Crystal Jimenez

Professor Wexler


December 13, 2016

Working Without A Wage: Chinese Laborers and Their Struggles

Sitting her in in Southern California, here in the Unites States, China couldn’t feel further away. However, the struggles faced by China’s working class are closely connected to those of us living in the U.S. As many people who live in the U.S. feel, the people who make up China’s working class are tired, frustrated, and ready to fight back for their rights and respect. Matt Sheehan’s article ,“A Day in the Life of a Muslim Chinese Migrant Family”, explores the particular struggles of a specific group of Chinese citizens but also shines a light on how the evolving landscape of China’s largest cities creates a revolving door for the poorest citizens, pushing them through repeating cycles of work without offering any opportunity for forward mobility.

At the start of the article Sheehan introduces the Mao family, made up of two parents and three children. The three children are Baolong, the fourteen-year-old son, Fang Fang, the nineteen-year-old daughter, and Yufang, a second daughter. They all, with the exception of Yufang, work together in this restaurant, which is “a family business through and through, funded by family savings and operated by everyone”(Sheehan). These long working hours leave little time for the family to go out and enjoy the fruits of their labors. They don’t have time to leave the restaurant to stroll around the city or visit with family or friends. They also don’t get time to shop or spend money and participate as consumers in China’s economy. Sheehan laments, “It’s a grueling schedule, with the only benefit being that no one has time to reflect on how grueling it is” (Sheehan). With all the work being dedicated to this business, what benefit lies ahead for this family? There is no hope for expansion, no savings, no free time, and nothing to pass down to the next generation.

Our most recent political race revolved around the economy of the U.S. The candidates harped constantly about “small business owners” who are the backbone of this country. Looking at China, it might be easy to transfer this train of thought onto the Mao’s. In fact, Sheehan explains, “A Silicon Valley denizen might describe the Mao family as ‘serial entrepreneurs’. They’ve opened and closed about half a dozen restaurants in different cities. The current location is their third in Beijing. The previous two were bulldozed to make way for new construction, and this one will almost certainly meet the same fate” (Sheehan). However, while the Mao’s toil daily in their small business, their prospects are not as bright as those who make their way into Silicon Valley. They, the Mao’s, understand that they will never have millions of dollars or luxuries beyond their imaginations. They know that they will work for the rest of their lives.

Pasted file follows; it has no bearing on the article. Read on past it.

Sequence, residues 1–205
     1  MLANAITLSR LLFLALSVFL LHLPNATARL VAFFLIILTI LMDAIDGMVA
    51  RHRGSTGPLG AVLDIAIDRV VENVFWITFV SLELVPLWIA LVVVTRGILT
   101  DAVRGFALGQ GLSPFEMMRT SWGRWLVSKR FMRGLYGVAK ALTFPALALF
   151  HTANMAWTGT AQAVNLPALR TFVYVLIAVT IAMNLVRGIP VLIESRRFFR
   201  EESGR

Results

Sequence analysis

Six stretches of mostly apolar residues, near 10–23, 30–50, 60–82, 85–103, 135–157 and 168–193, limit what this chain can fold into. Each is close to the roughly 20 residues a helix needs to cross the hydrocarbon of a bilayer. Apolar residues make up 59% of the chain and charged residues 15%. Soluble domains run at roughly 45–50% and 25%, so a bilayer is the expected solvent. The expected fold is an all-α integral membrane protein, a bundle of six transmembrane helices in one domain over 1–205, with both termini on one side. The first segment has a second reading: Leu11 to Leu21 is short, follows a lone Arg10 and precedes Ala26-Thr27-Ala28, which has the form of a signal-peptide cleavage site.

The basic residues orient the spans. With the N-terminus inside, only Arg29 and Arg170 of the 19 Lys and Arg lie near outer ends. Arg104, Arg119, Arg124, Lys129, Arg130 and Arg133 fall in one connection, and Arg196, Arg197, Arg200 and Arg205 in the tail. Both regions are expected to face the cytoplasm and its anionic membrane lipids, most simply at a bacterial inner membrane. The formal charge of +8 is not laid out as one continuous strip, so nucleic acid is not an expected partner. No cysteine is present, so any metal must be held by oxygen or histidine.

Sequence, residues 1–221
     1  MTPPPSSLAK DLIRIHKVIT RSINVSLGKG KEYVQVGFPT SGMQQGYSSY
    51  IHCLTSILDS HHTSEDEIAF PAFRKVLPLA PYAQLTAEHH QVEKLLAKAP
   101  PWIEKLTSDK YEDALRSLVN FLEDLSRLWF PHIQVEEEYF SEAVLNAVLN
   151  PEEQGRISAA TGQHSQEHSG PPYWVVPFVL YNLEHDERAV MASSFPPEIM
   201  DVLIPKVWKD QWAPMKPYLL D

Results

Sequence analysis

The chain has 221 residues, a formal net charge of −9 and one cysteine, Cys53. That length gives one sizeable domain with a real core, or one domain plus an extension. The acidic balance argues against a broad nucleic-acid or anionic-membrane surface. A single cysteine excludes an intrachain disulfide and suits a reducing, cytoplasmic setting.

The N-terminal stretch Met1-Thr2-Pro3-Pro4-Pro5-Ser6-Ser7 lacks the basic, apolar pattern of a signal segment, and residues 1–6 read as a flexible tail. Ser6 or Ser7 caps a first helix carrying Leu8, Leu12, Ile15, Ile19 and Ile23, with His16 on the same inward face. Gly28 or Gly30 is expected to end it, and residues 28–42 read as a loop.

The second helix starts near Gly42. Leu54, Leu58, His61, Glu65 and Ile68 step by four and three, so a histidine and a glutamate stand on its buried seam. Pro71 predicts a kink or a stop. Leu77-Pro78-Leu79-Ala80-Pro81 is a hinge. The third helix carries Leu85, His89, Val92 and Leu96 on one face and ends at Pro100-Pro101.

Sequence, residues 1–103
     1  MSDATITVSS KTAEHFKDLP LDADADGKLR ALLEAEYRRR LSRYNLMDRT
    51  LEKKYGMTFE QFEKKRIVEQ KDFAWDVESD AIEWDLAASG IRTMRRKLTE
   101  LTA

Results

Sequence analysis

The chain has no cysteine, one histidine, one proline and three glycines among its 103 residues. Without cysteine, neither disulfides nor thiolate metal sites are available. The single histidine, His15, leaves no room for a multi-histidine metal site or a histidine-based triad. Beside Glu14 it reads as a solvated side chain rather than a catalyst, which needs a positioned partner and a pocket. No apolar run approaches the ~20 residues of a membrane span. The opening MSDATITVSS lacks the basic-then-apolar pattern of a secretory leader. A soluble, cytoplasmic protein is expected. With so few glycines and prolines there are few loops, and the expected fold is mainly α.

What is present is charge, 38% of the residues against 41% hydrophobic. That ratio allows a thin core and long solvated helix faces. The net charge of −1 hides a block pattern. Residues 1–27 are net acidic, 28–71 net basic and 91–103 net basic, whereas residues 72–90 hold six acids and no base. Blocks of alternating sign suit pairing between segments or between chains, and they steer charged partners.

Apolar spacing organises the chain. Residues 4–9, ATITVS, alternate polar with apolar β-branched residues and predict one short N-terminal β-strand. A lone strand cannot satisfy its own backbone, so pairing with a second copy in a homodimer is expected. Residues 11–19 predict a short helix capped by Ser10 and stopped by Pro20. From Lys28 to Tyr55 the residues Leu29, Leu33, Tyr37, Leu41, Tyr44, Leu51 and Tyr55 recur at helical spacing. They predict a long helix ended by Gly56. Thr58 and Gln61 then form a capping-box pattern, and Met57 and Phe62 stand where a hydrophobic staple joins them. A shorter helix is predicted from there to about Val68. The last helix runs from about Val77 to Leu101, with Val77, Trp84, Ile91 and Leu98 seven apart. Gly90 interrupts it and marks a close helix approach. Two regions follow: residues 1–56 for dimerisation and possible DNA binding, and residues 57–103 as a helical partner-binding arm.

Interestingly, Sheehan explains the symbiotic relationship the Mao’s have with their consumer base. He writes, “The restaurant’s patrons are primarily men who work with their hands; construction crews, delivery men and self-employed mechanics” (Sheehan). The family makes a living off of feeding the same construction workers whose work continues to put the Mao’s out of business. The construction crews come into towns from rural areas, tear down buildings, and build up news ones. As they work, they move closet and closer the area where the Mao’s have set up their business and have no choice but to wait until the crews get there. They won’t leave for two reasons, the first being that no matter where they go, they already no it will only be a matter of time before the crews catch up, but the second being that they their business exists to serve these workers. They’ll go where the construction crews go because that is where the work it. At least until there is nowhere left to house their business. That is where the cycle ends for the Mao’s.

Pun Ngai and Xu Yi wrote the article “Legal Activism or Class Action? The Political Economy of the ‘No Boss’ and ‘No Labour Relationship’ in China’s Construction Industry”, which examines how the peasant working class has found themselves in China’s largest cities. They discuss the fact that, in the rural areas of China, workers are recruited to come work in the cities to construct new buildings. However, much like the Mao’s, who work without seeing any forward mobility, these workers do their jobs and later find that they will not be paid and nor do they have to be. Ngai and Yi explain, “Construction workers are well aware of the exploitative nature of the labour subcontracting system, because it often results in wage arrears and lack of compensation for bodily injury”(2). In their article the authors explain the “no boss” and “no labour relationship” as the culprit of the injustices these workers face. However, these two groups of workers, the Mao’s and the construction workers whom the Mao’s rely on, are both facing the reality that no matter how hard they work, they will not see a change in their lives.

This message is being echoed across the United States as well, proving that if we listen, we can appreciate that we are all close than we think.